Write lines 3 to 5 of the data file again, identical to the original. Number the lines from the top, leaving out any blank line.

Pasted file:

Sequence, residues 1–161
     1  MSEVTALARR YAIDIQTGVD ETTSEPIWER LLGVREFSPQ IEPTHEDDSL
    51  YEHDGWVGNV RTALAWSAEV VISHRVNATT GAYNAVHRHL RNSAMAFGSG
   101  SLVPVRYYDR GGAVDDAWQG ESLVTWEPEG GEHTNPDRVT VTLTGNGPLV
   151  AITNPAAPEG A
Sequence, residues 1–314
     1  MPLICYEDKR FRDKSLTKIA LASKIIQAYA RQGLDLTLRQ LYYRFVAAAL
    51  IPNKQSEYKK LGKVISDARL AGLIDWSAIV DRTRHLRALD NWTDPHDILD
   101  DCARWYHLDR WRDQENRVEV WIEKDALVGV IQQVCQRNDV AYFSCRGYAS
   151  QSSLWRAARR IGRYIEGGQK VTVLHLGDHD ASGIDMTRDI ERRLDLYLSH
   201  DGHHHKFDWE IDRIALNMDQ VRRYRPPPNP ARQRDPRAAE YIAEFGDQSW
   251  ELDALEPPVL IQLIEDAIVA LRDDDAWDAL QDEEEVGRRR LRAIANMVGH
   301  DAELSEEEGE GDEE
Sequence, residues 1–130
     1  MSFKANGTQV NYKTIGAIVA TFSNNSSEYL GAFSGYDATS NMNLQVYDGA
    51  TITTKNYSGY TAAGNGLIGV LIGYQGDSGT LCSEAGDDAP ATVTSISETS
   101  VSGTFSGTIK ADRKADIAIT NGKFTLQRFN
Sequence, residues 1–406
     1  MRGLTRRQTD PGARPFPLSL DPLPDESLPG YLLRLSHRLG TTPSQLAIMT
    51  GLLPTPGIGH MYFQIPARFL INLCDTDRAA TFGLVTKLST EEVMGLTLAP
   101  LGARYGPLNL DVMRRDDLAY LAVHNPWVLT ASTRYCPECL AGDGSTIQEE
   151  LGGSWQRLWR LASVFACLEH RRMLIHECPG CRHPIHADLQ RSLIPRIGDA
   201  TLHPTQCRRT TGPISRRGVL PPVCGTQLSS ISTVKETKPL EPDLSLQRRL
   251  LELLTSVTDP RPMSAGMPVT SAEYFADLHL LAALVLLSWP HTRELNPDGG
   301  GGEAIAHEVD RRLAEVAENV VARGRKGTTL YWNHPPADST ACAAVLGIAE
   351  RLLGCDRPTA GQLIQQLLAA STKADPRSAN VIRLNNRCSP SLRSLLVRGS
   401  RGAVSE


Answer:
    51  YEHDGWVGNV RTALAWSAEV VISHRVNATT GAYNAVHRHL RNSAMAFGSG
   101  SLVPVRYYDR GGAVDDAWQG ESLVTWEPEG GEHTNPDRVT VTLTGNGPLV
   151  AITNPAAPEG A